OK, so let's start with the mental blockages: the more eagle-eyed of you may have noticed that the last post referred to the East End working class, and then failed to follow through on its claim....I forgot, having got carried away writing about BP and the X-Prize, to link to the Young Foundation's new publication, which follows on from Michael Young's pioneering research in the East End. I may go to the launch next week, so will report back.
Otherwise, it is a week of bizarre happenings thus far. I blog something nice(r) about BP, and then get an e-mail this morning from their Alternative Energy department, asking if the School for Social Entrepreneurs would be interested in hooking up with their entrepreneurial programme...
And, having made the momentous decision to move our work away from Lotus Notes, the Guardian makes Lotus Notes and why it is rubbish/not rubbish (depending on your status as user/administrator) a running feature in their Technology section. Indeed, my previous rant about the subject even gets quoted in that section today. The correspondence still seems to split pretty much exactly down administrator/IT people and the end users in organisations, which kind of backs up what I said previously. If it's not for the end user ultimately, who is it for?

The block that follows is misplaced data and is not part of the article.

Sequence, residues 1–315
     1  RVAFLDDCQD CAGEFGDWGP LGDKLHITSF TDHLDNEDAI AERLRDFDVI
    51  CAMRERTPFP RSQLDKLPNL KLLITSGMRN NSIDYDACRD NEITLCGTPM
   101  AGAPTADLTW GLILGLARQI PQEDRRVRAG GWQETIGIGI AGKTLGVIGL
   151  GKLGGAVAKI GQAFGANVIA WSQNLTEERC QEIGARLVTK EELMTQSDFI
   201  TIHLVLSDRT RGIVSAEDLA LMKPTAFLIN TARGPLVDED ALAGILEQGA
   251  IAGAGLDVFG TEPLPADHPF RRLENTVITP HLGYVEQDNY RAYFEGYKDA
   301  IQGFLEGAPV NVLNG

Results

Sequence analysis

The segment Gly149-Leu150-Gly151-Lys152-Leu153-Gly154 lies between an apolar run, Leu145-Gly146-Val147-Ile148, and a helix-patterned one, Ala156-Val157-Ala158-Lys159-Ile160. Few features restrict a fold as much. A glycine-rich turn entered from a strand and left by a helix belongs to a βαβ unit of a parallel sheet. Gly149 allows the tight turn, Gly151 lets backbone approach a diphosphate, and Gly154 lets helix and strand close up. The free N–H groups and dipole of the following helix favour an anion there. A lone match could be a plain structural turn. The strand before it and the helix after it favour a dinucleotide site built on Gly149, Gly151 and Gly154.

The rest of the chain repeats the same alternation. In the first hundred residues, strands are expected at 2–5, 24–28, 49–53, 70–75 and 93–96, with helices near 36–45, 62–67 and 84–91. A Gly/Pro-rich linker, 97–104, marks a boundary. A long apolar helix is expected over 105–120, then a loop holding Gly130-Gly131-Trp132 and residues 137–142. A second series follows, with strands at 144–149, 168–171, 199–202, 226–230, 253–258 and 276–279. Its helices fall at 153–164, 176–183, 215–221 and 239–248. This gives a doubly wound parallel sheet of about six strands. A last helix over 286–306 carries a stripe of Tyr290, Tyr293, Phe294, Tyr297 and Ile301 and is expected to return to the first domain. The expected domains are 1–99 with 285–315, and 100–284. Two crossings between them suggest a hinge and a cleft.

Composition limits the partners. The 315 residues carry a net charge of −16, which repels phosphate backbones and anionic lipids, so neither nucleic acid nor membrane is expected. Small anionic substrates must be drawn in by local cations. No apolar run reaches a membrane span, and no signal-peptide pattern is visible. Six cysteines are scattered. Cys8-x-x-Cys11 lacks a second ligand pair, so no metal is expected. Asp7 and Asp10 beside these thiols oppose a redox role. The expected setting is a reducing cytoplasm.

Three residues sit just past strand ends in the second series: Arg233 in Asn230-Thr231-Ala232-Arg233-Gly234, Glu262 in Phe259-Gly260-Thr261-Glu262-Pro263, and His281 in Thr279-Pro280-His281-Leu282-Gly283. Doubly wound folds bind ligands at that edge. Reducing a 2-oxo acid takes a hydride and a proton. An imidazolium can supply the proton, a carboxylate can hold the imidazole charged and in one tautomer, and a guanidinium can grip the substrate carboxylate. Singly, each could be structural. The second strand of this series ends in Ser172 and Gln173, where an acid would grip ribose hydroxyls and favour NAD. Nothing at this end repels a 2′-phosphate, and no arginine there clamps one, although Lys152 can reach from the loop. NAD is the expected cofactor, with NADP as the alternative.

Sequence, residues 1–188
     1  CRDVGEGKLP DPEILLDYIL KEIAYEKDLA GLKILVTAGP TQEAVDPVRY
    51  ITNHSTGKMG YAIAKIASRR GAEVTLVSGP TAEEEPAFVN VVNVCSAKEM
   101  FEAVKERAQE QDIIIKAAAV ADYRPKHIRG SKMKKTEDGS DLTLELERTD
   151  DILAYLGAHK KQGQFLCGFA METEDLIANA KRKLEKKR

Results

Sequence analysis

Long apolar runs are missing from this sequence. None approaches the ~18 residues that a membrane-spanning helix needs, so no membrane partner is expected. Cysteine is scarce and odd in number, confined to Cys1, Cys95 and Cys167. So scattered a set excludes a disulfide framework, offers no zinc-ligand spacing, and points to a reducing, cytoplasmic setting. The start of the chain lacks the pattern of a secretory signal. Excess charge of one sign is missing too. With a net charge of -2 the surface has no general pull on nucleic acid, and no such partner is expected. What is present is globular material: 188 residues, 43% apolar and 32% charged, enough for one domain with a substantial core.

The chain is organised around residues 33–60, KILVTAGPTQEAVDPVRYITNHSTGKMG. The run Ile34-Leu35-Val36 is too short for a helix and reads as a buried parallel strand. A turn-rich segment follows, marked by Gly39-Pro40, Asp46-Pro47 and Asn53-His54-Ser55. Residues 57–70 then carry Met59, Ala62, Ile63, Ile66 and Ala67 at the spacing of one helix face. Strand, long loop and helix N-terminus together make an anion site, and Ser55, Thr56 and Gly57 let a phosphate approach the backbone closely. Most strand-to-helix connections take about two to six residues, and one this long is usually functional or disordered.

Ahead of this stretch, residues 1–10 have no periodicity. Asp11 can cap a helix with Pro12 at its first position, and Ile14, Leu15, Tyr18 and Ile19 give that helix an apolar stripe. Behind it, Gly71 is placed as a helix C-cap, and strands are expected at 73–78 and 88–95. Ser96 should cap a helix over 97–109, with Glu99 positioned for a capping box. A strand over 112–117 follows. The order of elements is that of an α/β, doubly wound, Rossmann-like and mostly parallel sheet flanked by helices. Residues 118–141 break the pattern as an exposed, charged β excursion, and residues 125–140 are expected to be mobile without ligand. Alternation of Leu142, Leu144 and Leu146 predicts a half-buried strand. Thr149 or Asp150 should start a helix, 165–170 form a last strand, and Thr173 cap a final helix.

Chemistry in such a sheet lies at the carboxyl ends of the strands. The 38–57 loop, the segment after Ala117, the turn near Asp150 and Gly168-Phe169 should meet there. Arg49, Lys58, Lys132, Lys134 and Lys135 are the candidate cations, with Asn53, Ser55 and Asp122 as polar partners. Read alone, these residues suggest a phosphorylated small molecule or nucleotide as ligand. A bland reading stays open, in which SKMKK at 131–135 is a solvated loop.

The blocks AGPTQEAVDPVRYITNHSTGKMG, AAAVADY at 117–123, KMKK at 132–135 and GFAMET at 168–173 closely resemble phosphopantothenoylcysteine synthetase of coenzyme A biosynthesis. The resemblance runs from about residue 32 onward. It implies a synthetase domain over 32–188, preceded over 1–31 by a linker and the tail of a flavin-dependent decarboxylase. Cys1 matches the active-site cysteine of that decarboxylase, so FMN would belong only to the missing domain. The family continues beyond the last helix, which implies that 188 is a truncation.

Finally, referring back to the mental block stuff, there's a neat-ish electronic deck of cards to stimulate creative thought available from the Space for Ideas site, called the Creative Block. You download it to your desktop and then click on the deck for a technique to prompt you out of your confined thought-processes. It's not bad, although there are only 25 cards....but you can add your own. The idea, originally, relates back to Brian Eno's Oblique Strategies deck of cards, which is well worth a look, particularly as he is a patron of the Global Ideas Bank and its work.